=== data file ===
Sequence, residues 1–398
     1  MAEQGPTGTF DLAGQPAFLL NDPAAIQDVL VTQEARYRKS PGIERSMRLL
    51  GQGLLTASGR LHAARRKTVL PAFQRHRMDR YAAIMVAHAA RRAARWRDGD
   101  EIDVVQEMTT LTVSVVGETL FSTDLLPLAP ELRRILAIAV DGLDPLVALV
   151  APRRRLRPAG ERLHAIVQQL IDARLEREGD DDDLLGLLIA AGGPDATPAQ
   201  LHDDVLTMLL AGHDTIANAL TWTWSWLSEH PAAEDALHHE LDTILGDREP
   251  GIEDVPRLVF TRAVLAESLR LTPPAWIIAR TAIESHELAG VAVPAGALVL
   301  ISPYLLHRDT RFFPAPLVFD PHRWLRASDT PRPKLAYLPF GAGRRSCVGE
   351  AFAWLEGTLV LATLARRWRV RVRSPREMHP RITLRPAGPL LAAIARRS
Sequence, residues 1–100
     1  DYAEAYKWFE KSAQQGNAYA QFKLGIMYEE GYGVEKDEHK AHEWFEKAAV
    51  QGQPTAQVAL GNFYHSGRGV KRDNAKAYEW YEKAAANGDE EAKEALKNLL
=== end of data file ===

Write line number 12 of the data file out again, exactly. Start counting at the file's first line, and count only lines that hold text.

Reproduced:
    51  QGQPTAQVAL GNFYHSGRGV KRDNAKAYEW YEKAAANGDE EAKEALKNLL